The cinematic trailer of Overwatch establishes a bright and colorful world with the terrorist group Talon pitted against the two faces of Overwatch (Tracer and Winston) for the ownership of the infamous Doomfist´s gauntlet. Although it talks about the history of Overwatch the storyline set to run concurrent with the game has not yet started up. It feels more like the prototype of a map more than anything else. The focus is on the world, not the characters as a result of Blizzard focus on storytelling. There is also a gameplay trailer that is remarkably similar to the Team Fortress one, character abilities are showcased and a character “who beats who” is established.
While Team Fortress undoubtely wanted to be worth the wait after nine years and make the game lasting, Blizzard immediately had their eyes set on the e-game scene. That meant that the open beta was almost only open to streamers. Blizzard also stated that the comis and animations are not canon or will influence the game in any way.
Alex and Adva/ I´ve heard Norse (my game)
My own game takes place in a Viking-esque called Bjarmaland with a written story taking place in the afterlife of the same. I currently have a prototype done with three main goals:
1 Show the initial storyline and setting with a prologue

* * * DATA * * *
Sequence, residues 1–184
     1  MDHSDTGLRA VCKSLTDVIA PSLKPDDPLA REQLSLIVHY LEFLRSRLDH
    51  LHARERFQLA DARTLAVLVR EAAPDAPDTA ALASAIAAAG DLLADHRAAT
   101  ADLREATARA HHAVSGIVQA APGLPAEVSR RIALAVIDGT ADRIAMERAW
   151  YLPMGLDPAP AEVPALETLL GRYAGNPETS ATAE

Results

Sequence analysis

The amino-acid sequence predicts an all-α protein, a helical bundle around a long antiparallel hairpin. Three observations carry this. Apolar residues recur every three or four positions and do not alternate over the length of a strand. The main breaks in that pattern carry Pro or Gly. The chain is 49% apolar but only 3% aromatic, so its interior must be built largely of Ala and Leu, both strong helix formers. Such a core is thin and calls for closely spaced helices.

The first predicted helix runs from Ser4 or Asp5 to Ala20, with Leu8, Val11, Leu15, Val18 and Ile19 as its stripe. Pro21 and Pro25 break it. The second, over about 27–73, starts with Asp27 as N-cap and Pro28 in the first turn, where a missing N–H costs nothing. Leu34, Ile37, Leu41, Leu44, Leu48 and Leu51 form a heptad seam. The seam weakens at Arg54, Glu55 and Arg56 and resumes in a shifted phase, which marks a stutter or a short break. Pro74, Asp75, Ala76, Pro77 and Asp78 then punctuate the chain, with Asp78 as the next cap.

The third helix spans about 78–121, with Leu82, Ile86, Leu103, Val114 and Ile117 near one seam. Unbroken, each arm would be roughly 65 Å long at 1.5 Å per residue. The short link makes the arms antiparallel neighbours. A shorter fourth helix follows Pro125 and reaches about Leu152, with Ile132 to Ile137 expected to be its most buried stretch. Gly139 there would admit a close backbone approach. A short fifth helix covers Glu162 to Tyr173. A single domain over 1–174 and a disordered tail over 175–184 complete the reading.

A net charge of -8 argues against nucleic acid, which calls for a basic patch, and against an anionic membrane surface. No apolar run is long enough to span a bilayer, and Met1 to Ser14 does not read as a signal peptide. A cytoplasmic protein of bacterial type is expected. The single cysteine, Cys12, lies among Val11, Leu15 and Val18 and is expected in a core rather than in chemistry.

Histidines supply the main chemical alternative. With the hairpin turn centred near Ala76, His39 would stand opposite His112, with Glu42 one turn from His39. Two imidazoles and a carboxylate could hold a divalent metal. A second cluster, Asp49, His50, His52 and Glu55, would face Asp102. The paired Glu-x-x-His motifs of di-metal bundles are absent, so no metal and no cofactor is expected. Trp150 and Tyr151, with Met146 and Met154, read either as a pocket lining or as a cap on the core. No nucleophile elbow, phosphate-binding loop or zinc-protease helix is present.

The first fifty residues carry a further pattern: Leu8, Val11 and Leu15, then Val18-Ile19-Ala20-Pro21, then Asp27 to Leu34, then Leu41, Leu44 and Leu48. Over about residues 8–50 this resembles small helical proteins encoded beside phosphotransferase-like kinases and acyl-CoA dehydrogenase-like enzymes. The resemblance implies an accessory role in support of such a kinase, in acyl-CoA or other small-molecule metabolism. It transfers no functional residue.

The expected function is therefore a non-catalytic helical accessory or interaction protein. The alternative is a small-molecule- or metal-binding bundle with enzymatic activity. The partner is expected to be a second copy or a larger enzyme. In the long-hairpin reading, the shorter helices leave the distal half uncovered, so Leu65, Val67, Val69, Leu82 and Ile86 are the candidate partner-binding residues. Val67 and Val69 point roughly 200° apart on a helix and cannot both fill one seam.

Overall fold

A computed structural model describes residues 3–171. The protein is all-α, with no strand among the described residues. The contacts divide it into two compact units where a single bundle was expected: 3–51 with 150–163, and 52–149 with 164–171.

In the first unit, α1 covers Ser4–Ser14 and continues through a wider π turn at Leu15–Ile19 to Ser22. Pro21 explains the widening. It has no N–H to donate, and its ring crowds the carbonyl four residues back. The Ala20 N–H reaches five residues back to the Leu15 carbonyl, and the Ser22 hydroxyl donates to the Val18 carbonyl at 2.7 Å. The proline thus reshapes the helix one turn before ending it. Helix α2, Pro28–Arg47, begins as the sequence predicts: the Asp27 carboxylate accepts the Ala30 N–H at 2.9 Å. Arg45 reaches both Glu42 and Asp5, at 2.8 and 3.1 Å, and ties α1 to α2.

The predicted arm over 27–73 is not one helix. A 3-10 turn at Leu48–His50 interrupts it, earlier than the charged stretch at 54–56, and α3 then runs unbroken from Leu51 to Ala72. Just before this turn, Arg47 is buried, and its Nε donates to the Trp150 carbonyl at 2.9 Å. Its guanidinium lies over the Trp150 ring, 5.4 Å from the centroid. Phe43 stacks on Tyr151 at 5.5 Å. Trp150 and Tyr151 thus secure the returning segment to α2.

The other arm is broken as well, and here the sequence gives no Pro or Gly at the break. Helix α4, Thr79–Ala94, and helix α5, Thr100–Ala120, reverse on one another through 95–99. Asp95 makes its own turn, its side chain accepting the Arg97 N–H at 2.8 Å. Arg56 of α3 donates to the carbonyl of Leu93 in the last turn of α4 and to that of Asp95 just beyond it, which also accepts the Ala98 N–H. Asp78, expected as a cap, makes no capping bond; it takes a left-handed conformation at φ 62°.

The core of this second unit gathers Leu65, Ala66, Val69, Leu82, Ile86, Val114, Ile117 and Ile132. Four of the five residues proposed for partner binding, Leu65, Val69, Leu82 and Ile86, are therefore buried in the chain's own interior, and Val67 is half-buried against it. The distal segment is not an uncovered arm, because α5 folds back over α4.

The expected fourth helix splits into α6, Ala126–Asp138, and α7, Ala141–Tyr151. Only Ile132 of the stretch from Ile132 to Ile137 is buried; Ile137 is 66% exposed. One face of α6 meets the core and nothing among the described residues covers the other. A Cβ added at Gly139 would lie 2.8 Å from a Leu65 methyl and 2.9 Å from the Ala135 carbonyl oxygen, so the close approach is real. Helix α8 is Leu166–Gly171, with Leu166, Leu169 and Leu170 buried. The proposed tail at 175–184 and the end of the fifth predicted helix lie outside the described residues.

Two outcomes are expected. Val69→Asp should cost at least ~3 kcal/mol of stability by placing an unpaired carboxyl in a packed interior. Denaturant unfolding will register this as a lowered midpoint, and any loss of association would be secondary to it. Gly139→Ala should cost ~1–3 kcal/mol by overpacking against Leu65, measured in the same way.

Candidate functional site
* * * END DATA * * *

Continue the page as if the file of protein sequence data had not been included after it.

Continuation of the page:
2 Show the main gameplay by having the characters climb a mountain and use their abilities to traverse it.
3 Showing specialized gameplay by having characters traverse a platforming section with some hidden areas and a boss
The story has similar goals:
1 Establish the setting and characters
2 Showcasing the main theme of the story (the duty of the privileged to help those in need)
3 Have a first “episode” of the main characters life in the underworld
As you can see, the three points complement each other.
Just like Blizzard I do not want the story to influence the game too much, but I do want the two to be canon to each other. Just like early Team Fortress updates (“Bidwells big Plan” being concurrent with the addition of the in-game store for example) I want the story and game to intersect at key points. A example is when a early sort of train built by dwarves crashes into the mountain, opening a hole to the underworld. The player now has to deal with a demon infestation and the souls of the dead (in the story) has to deal with rocks falling down from below to crush their dwellings.
End notes on the promotional era
As we can see Team Fortress and Overwatch, although both begins with promotional material sort of starts at opposite ends. Team fortress had no story except for the above excuse-plot, comics and media eventuelly swelling into an ongoing story. Overwatch immediately got a narrative, but the developers have stated that it will never influence the game at all. In the next part of this tutorial we are going to start and take a look at how the games finds their feet and refines the setting in what I call the pastisch era.